|Uh, you guys, why is Miss America green???|
I let myself go to that comfy dark place, where I vigorously spew out equally hateful energy back at the tweeters, for a good 10 minutes. But then, I stop. Because if any of this is ever going to stop, it has to stop with me.
And I’m inviting you to join me, all you people like me - all you loving, thoughtful, open-minded, progressive citizens of this beautiful country we call the United States of America. I'm inviting you to first spend whatever time you need to punch a pillow, scream atop a mountain, stab a few needles into an ignorant racist doll... and then I'm inviting you to stop, lose the hatred, let go of the anger, and instead use all the energy to fuel something better. Because if it is even possible for a time to come when a good day for a non-white American doesn’t result in an explosion of hateful tweets, it has to begin with us. We have to change the way we think and act in reaction to this kind of ignorance and hatred.
I don't blame the news for reporting on the tweets. I'm grateful that they are shining a light upon the darkness, and I'm glad it’s given me the opportunity to see how there are so many people who are infuriated just like I am.
But I believe for every sad story, there’s a happy one. For every hateful ignorant tweeter, there is another kind of person. A person who after watching Miss America may have chosen not to tweet his/her thoughts, but who came to see America in a new light. Maybe it was a little white girl who saw for the first time that beautiful American women come in all different colors from all different backgrounds. Maybe it was a little Asian American girl who got to see an American who looks like her on television.
If this story has a happy ending, it has to start with us, and our children. The only way to reduce the number of ignorant hateful people, is to increase the number of well-informed loving people. It means we don't just pass on this anger we feel to our kids, we pass on our love for all people. It means we share our history, good and bad, and we talk about how we're a country made up of people from all over the world. It means we have a globe or a map in our homes, and our families grow up knowing the names of different countries, but seeing that we’re all a part of the same world. It means that we choose not to only surround ourselves with people who look just like us. We stop using words like "us and them." We stop calling people who are not like us “weird.” We stop rolling our eyes when we talk about the importance of diversity, and we seek it out. We seek out people who are unlike ourselves; we acknowledge and celebrate our differences, and allow beautiful friendships to grow out of our commonalities.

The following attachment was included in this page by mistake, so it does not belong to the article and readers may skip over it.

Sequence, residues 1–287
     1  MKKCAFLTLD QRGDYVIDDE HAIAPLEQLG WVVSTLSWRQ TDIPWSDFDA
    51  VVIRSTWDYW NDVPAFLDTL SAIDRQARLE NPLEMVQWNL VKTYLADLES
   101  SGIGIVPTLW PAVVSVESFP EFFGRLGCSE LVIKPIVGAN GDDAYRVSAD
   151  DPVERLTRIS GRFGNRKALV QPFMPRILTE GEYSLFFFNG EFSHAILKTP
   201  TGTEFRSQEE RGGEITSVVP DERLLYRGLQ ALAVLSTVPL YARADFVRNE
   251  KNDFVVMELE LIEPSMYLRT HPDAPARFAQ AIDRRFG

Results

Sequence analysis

We stop the people we love when they say things that are fueled by hatred or ignorance, and we lovingly correct them, we let them know humbly, that we don’t have room for statements of ill will in our homes. We stop laughing at hateful jokes; we clarify misunderstandings.
And I'm not just talking to my white friends right now. I'm calling upon my friends of color to stop the cycle. I'm calling on you, my Asian American friends, because you know that our parents are culprits. I’m picking on you because I can only speak from my own experience. Let’s not sacrifice our children and the future of our country by allowing hatred to perpetuate, for the sake of “saving face” and “respecting elders.”
I am going to put these hurtful tweets behind me, and I am going to move forward firmly in love. If my daughter has any chance of growing up in an America where "our children will not be judged by the color of their skin, but by the content of their character" (thank you Dr. King, I realized that what I was trying to say, you had already said perfectly), then it has to begin again with me. I hope you'll join me.
America - today's blogpost title is a song from the musical West Side Story, the lyrics of which may be apropos.